[FoRK] Do You Belong to The Church?
J. Andrew Rogers
andrew at ceruleansystems.com
Wed May 5 17:52:24 PDT 2010
On May 5, 2010, at 4:45 PM, Ken Ganshirt @ Yahoo wrote:
> --- On Wed, 5/5/10, Joe Fish <reverend.joe at gmail.com> wrote:
>> For my own part, I remember at least two deregulation-ary free-market
>> crazes: the S&L's in the 80's, and the current CDO/CDS mess.
>> And yet, every republican-cum-free-marketeer i speak to about the
>> current mess (and the other one I can remember) always seems to think
>> the source of the problem just HAD to be that we didn't deregulate
> In Canada we have less financial regulation, or at least simpler regulation, but serious enforcement rather than lip service.
Simple, strict regulation is roughly ideal both for stability and efficiency. The US uses the "epicycle" model of financial regulation.
Most people who think the US financial system suffers from "deregulation" are ignorant of just how heavily regulated many of these things already are -- many aspects of the US financial system are hyper-regulated by any reasonable metric. The popular trend is to deem *mal-regulation* to be "deregulation" simply because adverse consequences happened, a conflation primarily used for propaganda purposes. More often than not, in the US financial system the root cause comes down to incompetent and/or corrupt regulators.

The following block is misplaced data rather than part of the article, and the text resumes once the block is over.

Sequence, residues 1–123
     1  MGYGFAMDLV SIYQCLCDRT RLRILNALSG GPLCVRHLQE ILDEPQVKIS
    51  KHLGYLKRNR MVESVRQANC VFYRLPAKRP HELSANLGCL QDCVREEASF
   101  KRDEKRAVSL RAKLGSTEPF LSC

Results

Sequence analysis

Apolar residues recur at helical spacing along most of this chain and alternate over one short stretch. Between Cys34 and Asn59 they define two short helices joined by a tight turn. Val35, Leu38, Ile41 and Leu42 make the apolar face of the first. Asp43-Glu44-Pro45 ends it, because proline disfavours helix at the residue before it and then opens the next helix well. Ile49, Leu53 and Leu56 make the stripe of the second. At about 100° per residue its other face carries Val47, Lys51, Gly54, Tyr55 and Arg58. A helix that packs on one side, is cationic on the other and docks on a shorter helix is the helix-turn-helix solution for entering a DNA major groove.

There is a lot of literature from long before this crisis that suggested most complex and opaque derivatives are created as direct consequence of messy, poorly designed regulation (too lazy to Google and cite). If you create a Byzantine and incoherent set of badly designed regulations and force everyone to abide by them no matter what the predictable (or unpredictable) consequences, bad things happen. The uglier the set of equations you have to balance, the more exotic the tools you have to invent to keep it manageable.
In these cases, there is a legitimate argument that true deregulation would produce more real stability and transparency than simply adding more regulation to the already excessive pile. Simple, strict rules are the way to go but politicians do love their shenanigans.
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